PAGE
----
Folks on the Water

“I KNOW, I TALK,” our boat driver tells us as we step aboard. “I don’t know, I don’t talk.” What he means, I think, is that he’ll tell us what he knows, but he doesn’t know everything. He knows, for instance, that his name is Lokman, that he is 46-years-old, that he became a boat driver at age 18 because he hated school, that he now has five children and one grandchild, and that his favourite food is nasi goreng, a.k.a. fried rice, because, simply, “it is my favourite.”

He knows that his grandfather lived in Peramu, one of six village districts that now make up Kampong Ayer, Brunei’s Water Village. It is affectionately called the “Venice of the East”, and is among the nation’s top tourist attractions. He is proud to still live there, even though his sister married and moved onto the mainland. He prefers life on the water. “This village I know,” he says. On the mainland, “traffic lights, jams. Here, not.”

He is one of around 39,000 people — 10 percent of the nation’s population — who live in shanty houses held up over brown water by stilts of rotting wood and cracked concrete. When they use the toilet, their excrement and urine fall directly into the water. Sometimes little children fall in and no one sees, and they drown and die. Once there was a huge fire that destroyed over 50 homes, leaving intact only a single cement jetty, pictured below.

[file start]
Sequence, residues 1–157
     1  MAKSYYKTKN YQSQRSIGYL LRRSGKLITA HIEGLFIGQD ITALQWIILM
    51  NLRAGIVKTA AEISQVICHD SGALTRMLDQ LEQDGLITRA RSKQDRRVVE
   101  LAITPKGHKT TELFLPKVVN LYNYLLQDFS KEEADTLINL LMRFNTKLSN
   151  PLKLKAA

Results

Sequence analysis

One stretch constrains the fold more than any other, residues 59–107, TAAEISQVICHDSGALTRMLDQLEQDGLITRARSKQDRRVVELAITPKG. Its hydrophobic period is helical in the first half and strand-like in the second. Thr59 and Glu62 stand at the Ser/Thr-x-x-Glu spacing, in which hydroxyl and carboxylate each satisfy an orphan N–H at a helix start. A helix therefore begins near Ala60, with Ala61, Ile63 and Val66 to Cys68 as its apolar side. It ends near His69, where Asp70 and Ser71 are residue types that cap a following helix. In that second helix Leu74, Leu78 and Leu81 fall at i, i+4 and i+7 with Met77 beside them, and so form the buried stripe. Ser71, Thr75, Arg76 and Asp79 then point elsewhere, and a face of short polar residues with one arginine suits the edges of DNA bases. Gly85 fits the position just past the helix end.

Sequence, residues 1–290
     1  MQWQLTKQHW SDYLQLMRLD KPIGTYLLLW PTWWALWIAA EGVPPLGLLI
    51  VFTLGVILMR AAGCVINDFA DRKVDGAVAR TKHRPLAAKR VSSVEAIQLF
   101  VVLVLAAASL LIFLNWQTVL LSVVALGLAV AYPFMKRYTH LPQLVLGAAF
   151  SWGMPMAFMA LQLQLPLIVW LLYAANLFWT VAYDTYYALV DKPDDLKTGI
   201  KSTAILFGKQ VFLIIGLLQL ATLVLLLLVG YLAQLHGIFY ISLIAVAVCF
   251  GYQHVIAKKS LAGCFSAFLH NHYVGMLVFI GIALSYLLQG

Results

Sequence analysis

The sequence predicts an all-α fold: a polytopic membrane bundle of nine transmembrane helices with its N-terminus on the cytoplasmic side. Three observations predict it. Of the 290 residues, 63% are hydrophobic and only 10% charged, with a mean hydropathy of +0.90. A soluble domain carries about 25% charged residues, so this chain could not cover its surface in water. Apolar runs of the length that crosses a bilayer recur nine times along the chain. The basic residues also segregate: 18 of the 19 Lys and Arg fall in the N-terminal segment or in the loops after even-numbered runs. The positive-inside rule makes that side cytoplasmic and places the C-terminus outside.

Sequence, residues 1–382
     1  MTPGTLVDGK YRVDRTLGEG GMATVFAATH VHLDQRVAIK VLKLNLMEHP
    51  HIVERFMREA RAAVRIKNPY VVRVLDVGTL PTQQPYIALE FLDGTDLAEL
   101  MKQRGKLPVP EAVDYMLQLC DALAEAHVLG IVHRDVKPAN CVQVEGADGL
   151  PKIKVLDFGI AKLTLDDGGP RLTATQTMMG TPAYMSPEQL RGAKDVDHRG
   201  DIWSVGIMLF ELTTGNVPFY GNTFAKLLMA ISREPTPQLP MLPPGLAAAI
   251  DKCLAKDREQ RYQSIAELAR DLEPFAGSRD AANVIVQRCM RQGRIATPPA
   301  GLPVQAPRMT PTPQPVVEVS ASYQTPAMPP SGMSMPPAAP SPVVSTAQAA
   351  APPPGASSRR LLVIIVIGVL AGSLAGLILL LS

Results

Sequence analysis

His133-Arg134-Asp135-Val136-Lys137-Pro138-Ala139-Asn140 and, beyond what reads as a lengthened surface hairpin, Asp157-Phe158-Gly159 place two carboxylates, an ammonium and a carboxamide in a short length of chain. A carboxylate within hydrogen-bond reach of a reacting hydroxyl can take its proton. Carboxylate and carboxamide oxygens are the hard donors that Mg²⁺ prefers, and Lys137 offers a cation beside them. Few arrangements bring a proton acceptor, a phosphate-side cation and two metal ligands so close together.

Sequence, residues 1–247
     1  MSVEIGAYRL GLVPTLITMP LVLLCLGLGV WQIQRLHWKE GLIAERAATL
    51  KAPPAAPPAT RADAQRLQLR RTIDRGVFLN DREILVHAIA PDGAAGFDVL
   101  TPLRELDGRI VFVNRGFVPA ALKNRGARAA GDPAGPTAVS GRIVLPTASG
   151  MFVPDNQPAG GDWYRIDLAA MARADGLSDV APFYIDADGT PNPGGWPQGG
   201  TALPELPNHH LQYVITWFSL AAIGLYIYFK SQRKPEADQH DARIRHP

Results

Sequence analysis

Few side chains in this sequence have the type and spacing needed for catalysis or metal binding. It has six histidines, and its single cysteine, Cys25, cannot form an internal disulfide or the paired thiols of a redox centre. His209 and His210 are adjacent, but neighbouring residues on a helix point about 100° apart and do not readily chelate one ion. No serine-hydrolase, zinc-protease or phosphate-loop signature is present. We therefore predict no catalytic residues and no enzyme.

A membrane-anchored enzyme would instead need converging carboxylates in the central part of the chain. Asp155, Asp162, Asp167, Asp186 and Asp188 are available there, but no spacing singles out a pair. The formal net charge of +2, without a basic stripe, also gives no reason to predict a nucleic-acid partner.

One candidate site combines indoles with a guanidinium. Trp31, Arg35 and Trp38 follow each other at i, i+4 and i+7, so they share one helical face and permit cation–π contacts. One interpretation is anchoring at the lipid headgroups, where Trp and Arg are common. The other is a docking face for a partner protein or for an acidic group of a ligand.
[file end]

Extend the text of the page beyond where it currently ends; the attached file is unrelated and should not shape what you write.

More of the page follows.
But Kampong Ayer is important to Brunei’s culture and tourism. It is the most tangible link to the country’s thousand-year-old tradition of living on the water. This is why, after Brunei gained full independence from the United Kingdom in 1984, the government took its millions of oil-earned dollars and put some of it towards keeping the village afloat. They provided hot water, electricity, wooden footpaths, clinics, a hospital, mosques, schools and phones. They paid for school boats that transport children each morning and wait outside for the teachers at sunset.

Lokman explains all this to us in 40 minutes. He shows us the local fire and police stations, near the grand and dirty mosque. Then he points out the Sultan’s grand palace, where he used to work as a guard during his mandatory military service. The work was hard, he says, because he had to stand still for most of the day, and slept only four hours each night.

This job is better. When Lokman is bored and can’t find passengers to taxi around, he takes his boat through the river to the mouth of the Pacific Ocean and catches fish. Sometimes he can catch as many as a dozen, which he can sell for over $200, “if I’m lucky,” he says. He seems to be.

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